Trends & Features

The real deal

John Bensalhia looks at the impact of bargains and special deals in retail. Do special offers draw more customers in, especially in these economically challenging times?

As David Dickinson would say on one of his countless TV programmes: “It’s a right bargain!” I am, of course, talking about the world of deals and bargains to be had in shops, not just in the UK, but across the globe.

Special offers are a good method of attracting and retaining customers. In an ideal world, customers want the best quality product, but at an affordable price. And looking at a sample of recent retail results, it seems that customers are having their cakes and eating them at cheaper prices.

One of the giants of the value for money retailers is Amazon. If you want that particular CD, DVD or sports item, Amazon will invariably provide it at a better price than can usually be found on the high street. The latest financial results for Amazon’s second quarter bear this out. Profit rose by 45 per cent to $207million (£135million) from $142million (£92.3million) last year.

In the UK, customers have also embraced discount retailers on the high street. Last year a survey conducted by Which? found that two of the country’s discount grocery stores, Lidl and Aldi, made it into the top 10 of grocery customers’ scoring, nestling alongside Iceland and Waitrose. Both were rated highly for customer satisfaction.

Another big player in discount retail, Asda, announced last year that it was taking on 7,000 more staff, confirming that the demand for good value retailers is still as high as ever.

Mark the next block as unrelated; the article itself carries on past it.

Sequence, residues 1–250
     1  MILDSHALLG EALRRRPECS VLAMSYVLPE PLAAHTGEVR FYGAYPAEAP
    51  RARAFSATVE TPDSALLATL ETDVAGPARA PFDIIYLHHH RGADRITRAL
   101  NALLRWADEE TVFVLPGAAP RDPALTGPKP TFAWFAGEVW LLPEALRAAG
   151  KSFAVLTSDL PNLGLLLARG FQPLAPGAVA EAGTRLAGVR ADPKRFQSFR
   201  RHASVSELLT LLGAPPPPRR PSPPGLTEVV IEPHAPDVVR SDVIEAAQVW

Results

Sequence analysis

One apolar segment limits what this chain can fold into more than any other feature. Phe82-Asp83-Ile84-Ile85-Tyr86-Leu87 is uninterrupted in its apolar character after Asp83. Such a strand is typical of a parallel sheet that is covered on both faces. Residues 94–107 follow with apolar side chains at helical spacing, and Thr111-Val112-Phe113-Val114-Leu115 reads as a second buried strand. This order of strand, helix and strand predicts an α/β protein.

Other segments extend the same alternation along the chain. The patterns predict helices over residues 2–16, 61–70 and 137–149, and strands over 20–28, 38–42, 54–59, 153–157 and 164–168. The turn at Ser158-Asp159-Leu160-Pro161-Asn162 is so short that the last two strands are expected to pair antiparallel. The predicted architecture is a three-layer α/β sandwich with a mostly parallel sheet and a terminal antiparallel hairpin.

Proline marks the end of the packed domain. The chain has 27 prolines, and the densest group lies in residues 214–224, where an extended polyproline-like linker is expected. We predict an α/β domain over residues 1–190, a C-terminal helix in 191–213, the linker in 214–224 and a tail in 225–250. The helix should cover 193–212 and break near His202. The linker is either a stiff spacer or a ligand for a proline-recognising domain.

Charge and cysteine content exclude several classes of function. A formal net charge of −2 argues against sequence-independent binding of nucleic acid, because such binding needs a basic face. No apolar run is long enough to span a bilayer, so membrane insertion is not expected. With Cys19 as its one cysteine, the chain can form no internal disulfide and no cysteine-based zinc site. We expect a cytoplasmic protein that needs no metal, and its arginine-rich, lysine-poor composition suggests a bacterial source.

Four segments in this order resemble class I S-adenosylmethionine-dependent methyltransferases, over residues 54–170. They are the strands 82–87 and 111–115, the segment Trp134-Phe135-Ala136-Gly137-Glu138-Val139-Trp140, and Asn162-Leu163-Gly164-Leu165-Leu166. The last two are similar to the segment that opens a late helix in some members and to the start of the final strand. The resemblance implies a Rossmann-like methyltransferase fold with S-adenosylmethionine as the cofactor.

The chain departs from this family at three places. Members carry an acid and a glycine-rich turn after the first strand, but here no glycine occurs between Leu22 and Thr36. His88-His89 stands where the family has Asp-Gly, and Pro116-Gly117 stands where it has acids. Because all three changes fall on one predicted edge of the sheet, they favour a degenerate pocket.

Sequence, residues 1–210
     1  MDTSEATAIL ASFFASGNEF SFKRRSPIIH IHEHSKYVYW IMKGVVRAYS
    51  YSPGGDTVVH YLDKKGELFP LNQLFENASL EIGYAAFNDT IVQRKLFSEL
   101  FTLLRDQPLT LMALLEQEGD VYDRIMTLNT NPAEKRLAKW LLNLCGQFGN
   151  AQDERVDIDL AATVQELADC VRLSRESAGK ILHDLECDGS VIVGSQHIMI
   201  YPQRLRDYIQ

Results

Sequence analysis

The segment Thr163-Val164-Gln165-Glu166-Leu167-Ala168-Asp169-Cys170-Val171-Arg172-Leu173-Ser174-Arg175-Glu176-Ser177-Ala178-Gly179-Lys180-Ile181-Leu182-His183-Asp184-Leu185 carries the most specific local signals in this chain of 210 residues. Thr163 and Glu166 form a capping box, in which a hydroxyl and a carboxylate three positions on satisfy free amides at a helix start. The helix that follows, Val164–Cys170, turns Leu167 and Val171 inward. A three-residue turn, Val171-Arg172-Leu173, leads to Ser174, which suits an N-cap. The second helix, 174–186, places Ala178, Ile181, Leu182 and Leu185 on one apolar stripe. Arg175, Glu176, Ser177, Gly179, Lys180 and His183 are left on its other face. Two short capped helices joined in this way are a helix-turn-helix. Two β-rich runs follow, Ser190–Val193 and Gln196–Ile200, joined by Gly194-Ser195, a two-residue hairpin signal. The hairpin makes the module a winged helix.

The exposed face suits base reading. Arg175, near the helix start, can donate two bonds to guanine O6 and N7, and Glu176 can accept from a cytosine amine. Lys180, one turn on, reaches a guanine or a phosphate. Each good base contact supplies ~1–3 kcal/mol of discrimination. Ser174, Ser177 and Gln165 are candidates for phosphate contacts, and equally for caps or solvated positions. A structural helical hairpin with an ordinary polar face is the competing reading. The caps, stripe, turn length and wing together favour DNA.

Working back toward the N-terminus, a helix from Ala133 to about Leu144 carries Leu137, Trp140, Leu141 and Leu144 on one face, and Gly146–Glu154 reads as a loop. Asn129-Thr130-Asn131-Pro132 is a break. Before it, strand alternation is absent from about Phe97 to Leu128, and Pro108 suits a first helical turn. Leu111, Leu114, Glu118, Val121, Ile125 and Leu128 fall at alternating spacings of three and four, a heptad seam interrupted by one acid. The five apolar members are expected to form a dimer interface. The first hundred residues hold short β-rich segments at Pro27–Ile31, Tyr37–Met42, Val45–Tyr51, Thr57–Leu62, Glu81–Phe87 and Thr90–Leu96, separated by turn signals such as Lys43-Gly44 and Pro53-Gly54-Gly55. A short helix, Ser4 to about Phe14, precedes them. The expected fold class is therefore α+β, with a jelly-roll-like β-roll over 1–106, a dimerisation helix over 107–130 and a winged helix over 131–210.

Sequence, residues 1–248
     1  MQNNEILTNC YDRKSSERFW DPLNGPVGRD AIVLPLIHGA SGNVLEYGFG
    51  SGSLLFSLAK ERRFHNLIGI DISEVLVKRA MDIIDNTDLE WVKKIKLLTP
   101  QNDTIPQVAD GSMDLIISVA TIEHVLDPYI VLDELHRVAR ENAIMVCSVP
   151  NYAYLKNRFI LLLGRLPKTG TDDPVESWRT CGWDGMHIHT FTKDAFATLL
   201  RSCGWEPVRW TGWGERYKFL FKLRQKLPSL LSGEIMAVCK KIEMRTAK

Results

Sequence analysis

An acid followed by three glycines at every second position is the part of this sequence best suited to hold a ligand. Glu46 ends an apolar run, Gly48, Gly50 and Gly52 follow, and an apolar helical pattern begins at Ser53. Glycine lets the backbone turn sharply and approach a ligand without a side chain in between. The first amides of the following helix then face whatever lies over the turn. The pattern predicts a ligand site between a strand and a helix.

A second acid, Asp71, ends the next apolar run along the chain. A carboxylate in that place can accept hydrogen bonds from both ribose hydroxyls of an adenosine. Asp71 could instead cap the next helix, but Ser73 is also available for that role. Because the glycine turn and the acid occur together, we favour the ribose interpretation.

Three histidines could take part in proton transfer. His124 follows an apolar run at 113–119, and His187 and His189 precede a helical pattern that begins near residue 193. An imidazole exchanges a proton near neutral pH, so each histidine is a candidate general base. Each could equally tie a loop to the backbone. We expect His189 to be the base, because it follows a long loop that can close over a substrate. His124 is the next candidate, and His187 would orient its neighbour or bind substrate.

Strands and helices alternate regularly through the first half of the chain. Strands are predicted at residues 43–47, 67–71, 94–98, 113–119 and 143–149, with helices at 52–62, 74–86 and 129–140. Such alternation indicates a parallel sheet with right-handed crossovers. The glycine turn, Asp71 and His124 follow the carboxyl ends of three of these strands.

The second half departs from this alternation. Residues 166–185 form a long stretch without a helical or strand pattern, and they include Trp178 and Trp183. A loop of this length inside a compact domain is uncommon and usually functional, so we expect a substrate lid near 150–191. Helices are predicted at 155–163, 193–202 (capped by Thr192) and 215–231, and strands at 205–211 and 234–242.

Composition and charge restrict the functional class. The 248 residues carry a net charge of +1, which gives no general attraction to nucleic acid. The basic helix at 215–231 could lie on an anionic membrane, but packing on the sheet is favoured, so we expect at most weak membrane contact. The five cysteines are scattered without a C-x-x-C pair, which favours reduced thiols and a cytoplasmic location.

A separate survey also spotlighted a growth in sales of supermarkets’ own-brand products. As a low-cost alternative to the big name brands, more customers were found to be going for the cheaper option. Analysts have suggested this isn’t just a reaction to the economic downturn, but to a shift in what consumers want and the larger choice of grocers’ own brands, which can range from a value for money item through to the premium end of the spectrum.

It was reported that own-label goods make up about 20 per cent of the global market, up from 15 per cent in 2003. Market research specialist Planet Retail has indicated this share is likely to grow further – to about 23 per cent by 2013.

So what of sports retailers? How, when and why should they introduce special offers and deals in their stores? One such instance should be when a sports shop wants to promote a range of products, both new and older.

Arfan Aslam of online sports retailer Kitbag says that special deals allow the company to broadcast its ranges of brand new and existing products: “The benefits of our deals is to generate exposure to a certain new range of products we introduce. Also, the older products and ranges, where they have been superseded in sales by alternatives, will get a new lease of life and, of course, deliver great savings to our customers – both old and new.”